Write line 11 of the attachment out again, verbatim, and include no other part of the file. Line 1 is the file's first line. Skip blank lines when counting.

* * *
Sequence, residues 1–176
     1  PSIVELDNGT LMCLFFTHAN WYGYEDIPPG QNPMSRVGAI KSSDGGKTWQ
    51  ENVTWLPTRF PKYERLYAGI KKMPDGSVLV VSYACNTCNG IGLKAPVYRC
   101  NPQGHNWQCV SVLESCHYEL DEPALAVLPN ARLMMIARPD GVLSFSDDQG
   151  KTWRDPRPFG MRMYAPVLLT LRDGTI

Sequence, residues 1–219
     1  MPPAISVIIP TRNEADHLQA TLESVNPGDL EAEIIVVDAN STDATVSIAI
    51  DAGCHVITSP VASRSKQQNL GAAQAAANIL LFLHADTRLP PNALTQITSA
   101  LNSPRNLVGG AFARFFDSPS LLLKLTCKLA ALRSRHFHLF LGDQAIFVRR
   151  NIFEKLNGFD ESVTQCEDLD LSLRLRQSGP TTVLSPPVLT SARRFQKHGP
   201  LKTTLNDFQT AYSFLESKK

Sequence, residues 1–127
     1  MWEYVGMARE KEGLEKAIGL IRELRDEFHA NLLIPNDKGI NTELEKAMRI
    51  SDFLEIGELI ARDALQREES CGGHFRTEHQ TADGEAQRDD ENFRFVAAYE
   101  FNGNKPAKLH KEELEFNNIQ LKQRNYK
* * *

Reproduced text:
   201  LKTTLNDFQT AYSFLESKK